Pérez, C., Lores, M. & Velando, A. Oil pollution increases plasma antioxidants but reduces coloration in a seabird. Oecologia 163, 875–884 (2010).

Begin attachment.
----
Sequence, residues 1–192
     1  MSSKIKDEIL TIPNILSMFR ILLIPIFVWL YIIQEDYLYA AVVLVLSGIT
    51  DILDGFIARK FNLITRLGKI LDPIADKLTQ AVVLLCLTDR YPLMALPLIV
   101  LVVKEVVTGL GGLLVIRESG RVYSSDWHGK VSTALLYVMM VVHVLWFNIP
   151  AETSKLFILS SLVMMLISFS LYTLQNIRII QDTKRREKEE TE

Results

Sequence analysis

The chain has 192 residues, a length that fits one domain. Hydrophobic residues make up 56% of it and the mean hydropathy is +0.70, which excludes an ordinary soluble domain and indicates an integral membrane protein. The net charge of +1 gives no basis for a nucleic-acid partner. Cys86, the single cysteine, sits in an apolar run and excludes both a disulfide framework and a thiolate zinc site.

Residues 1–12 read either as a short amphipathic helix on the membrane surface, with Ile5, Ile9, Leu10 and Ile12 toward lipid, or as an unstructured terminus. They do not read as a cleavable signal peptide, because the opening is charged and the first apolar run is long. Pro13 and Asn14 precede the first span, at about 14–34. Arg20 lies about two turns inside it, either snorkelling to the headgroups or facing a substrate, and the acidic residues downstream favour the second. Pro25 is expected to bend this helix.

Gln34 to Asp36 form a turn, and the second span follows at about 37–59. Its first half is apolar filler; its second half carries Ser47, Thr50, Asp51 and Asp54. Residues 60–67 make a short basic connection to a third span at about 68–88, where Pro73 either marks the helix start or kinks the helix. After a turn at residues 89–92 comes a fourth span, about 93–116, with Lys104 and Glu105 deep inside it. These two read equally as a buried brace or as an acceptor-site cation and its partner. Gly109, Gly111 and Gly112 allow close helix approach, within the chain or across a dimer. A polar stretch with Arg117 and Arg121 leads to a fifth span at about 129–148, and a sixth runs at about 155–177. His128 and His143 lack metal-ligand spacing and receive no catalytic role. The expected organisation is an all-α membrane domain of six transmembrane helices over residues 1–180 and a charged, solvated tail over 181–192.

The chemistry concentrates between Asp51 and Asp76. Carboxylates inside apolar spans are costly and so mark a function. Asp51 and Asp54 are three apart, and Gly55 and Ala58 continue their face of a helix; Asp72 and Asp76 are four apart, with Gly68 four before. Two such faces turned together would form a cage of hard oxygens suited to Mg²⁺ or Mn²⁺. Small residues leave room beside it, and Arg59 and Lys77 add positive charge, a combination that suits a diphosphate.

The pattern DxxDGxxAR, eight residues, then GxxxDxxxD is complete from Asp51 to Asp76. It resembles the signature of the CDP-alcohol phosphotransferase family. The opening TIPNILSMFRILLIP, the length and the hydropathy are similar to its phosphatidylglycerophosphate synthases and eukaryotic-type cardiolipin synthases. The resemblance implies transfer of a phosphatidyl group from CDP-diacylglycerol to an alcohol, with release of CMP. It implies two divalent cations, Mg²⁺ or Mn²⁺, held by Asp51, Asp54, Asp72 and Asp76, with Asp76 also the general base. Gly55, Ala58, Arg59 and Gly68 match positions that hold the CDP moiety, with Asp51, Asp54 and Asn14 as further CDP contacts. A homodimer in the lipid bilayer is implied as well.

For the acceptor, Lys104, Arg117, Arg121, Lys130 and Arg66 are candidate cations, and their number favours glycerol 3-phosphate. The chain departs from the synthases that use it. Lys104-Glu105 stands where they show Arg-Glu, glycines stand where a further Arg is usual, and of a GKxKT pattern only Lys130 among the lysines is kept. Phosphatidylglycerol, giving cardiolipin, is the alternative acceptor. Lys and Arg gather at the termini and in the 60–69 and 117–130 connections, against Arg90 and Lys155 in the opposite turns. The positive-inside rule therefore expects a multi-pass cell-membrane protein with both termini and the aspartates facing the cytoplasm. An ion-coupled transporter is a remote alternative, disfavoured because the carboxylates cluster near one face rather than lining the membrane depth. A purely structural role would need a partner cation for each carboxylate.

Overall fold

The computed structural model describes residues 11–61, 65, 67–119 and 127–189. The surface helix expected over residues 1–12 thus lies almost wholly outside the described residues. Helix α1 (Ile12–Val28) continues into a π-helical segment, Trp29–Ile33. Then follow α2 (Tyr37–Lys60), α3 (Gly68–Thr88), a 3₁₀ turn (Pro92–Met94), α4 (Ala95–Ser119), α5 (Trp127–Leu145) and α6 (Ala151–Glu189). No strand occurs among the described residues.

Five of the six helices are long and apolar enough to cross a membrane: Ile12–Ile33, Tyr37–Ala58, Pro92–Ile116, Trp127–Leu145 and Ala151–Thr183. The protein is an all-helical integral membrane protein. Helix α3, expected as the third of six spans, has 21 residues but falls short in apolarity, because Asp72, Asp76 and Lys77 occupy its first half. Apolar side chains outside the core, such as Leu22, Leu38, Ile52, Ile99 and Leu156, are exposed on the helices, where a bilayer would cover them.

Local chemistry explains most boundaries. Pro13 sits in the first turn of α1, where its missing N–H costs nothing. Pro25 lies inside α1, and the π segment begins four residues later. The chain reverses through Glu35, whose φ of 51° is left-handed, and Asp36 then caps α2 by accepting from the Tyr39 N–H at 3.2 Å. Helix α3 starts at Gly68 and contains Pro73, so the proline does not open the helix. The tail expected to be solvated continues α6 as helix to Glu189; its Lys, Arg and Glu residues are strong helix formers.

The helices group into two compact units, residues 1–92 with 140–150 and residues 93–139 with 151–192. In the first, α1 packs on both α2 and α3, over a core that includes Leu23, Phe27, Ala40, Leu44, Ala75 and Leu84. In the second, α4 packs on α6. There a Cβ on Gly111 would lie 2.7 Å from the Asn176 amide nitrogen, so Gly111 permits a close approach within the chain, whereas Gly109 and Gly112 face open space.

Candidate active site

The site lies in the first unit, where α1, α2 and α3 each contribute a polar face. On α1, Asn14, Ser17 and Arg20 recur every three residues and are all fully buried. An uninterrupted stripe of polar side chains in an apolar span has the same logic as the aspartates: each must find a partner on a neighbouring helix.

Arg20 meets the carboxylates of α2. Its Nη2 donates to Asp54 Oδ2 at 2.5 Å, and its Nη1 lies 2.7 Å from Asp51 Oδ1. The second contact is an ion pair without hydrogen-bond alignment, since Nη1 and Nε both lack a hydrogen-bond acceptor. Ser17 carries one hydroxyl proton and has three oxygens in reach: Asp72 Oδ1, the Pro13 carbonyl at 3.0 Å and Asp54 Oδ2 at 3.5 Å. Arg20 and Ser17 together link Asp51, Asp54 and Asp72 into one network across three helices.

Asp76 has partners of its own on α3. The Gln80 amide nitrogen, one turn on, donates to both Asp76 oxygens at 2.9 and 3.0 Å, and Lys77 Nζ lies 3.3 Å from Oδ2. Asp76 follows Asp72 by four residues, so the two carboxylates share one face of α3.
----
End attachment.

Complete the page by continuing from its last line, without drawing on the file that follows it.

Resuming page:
It has been suggested that condition-dependent signals may be a useful measure of environmental quality. In this study, we tested the hypothesis that oil pollution enhances oxidative stress and impairs expression of a carotenoid-based signal in a wild population of the yellowlegged gull (Larus michahellis). During the courtship period, a group of gulls were fed a supplementary diet containing heavy fuel oil from the Prestige oil spill and were compared with control gulls fed a similar supplementary diet without fuel oil. Blood levels of polycyclic aromatic hydrocarbons, the most toxic components of crude oils, were higher (30%) in the Prestige oil-fed gulls than in the control gulls. Plasma concentrations of vitamin E and carotenoids were also significantly higher in the Prestige oil-fed gulls (31 and 27%, respectively). Although, the plasma levels of lipid peroxidation markers were higher (13%) in gulls fed with Prestige oil than in the control gulls, these differences were not significant, possibly because of the small number of gulls analyzed. The red bill spot was significantly smaller (16%) in the oil-fed gulls than in the control individuals. This study provides the first experimental evidence that a carotenoid-based signal in a freeliving seabird is affected by exposure to oil pollution and is hence indicative of environmental quality. Since the yellow-legged gull belongs to a complex of species widely distributed throughout the northern hemisphere, the method described may constitute a useful tool for evaluating sublethal effects of oil spills in seabirds.